Five School of Business students participated in the Leadership Conference at the United States Naval Academy in Annapolis in February. They were accompanied by Associate Professor of Management Melissa Costello.
In January, the School of Business Marketing Research Lab was opened. It consists of five pods, each containing six computers and associated software and databases for both class instruction and independent student and faculty research efforts.
A Master of Science in Accounting was approved by the College’s Board of Instruction. A request for State Education Department approval is now being processed. If approved, the program will commence in the Fall 2009.
A Bachelor of Science program in Actuarial Science and a Certificate Program in Risk Management were approved by the Board of Instruction and will commence in Fall 2008.
Tuesday, May 6, 2008
Dr. Maryellen Gilroy,vice president for student affairs announced yesterday that LTC Michael Papadopoulos '82, commander of the ROTC program and professor of military science at has been appointed Assistant Vice President for Student Affairs and Director of Public Safety.
Mike has a bachelor’s degree in finance and a master’s degree in systems management from the Florida Institute of Technology. He retires from the United States Army in June after a distinguished career of twenty-five years. Mike has held such positions as Senior Operations and Training Officer, Professor of Military Science and Leadership at the University of Rhode Island, Chief of the NATO Advanced Command Post and Senior U.S. Military Representative in Greece, and numerous other Plans and Operations positions during his Army career.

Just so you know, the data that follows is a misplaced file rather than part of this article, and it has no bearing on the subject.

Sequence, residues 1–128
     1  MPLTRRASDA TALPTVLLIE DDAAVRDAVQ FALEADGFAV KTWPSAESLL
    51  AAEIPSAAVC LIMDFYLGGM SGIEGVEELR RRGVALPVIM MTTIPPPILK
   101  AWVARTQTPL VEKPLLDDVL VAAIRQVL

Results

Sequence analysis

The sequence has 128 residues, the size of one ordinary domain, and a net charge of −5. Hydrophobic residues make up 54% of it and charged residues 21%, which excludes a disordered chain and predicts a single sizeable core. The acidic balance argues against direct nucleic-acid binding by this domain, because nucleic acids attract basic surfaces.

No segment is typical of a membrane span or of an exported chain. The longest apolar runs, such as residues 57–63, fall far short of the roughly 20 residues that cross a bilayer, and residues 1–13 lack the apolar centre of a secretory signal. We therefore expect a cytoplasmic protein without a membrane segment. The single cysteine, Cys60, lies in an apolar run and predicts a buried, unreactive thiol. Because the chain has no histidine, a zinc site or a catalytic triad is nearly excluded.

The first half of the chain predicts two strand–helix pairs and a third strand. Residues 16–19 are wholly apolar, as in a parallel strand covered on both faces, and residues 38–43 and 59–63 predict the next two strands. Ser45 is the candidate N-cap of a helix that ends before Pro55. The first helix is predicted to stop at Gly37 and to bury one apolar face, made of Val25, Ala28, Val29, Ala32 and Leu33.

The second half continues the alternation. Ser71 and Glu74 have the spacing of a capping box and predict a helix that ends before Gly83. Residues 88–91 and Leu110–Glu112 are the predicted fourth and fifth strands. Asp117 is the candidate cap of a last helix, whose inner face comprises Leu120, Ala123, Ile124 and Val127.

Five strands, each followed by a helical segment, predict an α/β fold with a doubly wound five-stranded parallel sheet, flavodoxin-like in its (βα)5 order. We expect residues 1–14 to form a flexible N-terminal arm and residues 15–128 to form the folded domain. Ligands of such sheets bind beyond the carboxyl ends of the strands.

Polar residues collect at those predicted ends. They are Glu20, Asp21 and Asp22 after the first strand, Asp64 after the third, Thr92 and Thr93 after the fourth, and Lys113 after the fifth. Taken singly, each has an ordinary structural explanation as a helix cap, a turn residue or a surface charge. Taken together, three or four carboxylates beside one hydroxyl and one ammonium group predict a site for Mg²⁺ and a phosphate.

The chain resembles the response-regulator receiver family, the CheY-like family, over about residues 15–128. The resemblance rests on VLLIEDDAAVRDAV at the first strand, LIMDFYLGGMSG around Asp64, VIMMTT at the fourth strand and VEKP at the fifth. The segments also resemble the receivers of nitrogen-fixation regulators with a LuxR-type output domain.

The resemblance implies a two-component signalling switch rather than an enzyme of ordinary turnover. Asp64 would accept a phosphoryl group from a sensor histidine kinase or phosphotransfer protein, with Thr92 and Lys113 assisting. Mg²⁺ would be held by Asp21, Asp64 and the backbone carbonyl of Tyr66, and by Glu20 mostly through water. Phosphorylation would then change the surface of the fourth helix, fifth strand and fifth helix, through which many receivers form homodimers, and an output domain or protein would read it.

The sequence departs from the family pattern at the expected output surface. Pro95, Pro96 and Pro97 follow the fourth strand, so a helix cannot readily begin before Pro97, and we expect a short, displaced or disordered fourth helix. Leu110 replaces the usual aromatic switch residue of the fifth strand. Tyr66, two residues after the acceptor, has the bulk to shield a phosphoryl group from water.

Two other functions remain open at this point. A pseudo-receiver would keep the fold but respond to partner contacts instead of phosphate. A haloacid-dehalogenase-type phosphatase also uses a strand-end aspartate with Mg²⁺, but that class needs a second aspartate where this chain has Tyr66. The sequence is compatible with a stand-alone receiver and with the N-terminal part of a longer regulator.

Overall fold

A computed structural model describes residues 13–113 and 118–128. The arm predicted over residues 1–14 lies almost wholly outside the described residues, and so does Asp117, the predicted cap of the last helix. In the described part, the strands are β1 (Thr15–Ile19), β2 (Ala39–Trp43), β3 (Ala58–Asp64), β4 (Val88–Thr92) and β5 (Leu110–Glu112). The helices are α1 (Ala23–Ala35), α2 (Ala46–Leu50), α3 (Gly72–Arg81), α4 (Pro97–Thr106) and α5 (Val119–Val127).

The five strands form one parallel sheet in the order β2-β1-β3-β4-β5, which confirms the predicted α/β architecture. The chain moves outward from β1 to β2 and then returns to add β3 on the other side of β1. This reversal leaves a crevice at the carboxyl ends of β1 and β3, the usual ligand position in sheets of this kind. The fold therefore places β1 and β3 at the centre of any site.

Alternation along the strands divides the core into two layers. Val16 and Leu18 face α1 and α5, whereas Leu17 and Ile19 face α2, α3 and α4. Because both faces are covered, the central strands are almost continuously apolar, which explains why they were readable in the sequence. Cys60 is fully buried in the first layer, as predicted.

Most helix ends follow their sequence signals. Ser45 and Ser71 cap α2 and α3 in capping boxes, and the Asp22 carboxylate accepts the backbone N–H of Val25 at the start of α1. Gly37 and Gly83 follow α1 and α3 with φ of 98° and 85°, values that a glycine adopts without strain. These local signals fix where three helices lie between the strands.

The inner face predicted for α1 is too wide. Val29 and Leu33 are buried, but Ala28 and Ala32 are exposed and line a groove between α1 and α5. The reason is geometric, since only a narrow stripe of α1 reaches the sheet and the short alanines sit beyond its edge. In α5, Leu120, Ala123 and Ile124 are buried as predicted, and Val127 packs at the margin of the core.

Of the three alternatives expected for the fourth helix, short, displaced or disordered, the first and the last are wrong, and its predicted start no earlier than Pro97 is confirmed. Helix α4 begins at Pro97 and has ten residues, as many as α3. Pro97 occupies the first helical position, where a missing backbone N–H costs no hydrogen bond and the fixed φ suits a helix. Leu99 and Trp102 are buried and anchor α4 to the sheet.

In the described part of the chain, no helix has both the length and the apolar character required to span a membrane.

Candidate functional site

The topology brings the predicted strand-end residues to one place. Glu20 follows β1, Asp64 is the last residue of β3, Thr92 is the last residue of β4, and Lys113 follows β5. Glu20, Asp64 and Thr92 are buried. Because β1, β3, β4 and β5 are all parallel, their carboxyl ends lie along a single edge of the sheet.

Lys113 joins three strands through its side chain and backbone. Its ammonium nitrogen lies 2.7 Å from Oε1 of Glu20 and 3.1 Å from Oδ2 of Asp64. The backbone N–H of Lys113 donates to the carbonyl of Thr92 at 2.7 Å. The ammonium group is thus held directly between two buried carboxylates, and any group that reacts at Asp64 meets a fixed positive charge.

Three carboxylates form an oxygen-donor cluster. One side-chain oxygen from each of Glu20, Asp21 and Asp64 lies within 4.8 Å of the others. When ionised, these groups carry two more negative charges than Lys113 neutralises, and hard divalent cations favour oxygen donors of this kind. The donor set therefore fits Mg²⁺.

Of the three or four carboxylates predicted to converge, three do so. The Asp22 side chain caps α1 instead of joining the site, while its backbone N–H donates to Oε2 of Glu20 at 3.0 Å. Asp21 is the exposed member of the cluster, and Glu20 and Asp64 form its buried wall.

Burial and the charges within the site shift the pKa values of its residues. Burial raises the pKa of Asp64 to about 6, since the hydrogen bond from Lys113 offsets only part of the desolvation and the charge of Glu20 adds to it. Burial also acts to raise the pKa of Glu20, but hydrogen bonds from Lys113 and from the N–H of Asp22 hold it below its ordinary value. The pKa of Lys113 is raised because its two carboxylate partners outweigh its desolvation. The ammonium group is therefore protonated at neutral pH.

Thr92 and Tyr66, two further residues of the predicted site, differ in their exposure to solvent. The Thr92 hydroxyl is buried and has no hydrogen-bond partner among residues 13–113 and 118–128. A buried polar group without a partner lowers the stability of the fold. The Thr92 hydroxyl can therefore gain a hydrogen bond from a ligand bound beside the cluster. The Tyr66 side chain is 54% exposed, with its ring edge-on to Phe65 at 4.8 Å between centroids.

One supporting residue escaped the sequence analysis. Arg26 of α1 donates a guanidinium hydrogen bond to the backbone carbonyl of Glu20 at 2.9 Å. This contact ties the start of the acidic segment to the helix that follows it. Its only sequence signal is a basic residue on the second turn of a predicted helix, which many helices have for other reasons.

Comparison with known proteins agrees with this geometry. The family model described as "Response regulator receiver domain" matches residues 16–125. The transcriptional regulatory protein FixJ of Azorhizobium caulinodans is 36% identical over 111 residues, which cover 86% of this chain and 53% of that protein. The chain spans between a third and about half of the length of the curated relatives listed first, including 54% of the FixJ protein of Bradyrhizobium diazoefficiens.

Tom Breslin, the current Assistant Director of Security, has been promoted to Associate Director of Public Safety.
The change in the name of the department from Security to Public Safety will be to reflect the broadened scope and importance of this operation nationally on College campuses.
Congratulations to Mike and Tom!
Monday, May 5, 2008
Over 130 students showcased their work at this year's academic celebration. There was a wide range of projects beginning with a Foundations submission on the musical settings of St. Francis and including student/faculty research that has already been presented at the national level, in dependant studies and group projects.
Entire classes got involved: Dr. Paul Konye's orchestra class composed original melodies; Dr. Patricia Trutty-Coohill's modern art course presented exhibition cards for Siena's Sculpture Show; Dr. Mary Fitzgerald's Hoyt's English Lit II class provided many projects on the Victorian era; Dr. Dmitry Burshteyn's honors students chose different countries and studied their influence on psychology; and sociology and marketing and management students presented their findings from their research methods classes. The software engineering capstone course showed off programs that student groups had been working on since September 2007. Other School of Science students showcased posters from integrated laboratory courses.
Here are some videos of students presenting their projects:
James Best '08 describing the hypothetical scenarios presented to 60 undergraduate students in order to compare moral judgement's of one's own morally questionable to judgements made of others' behaviors in the same situation. He did this project with Jamie Mowers.
Psychology students prove that this subject's history and influences span the entire globe.
Derrel Melton '10 and Sam Tymchyn '09
Ishani Choksi '10 and Akeem Shirley '11
Marietje Hauprich took cooking oil from the dining oil and made it into biodiesel as part of Siena's ongoing efforts at green chemistry.
John Zampella '08 and Tara Renna '08 explain their research on motor neurons in medicinal leeches.
Taela Durst '09 explains how she is discovering the best conditions for preserving art.
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Students in Dr. Cheryl Buff's Consumer Behavior class put their business knowledge to good use by creating brochures and power point presentations on behalf of a trust that assists marginalized Kenyan tribes’ people. Their marketing materials will help the trust raise awareness and help sell the tribes' products. More information on the trust can be found at http://www.loisabaccf.org/.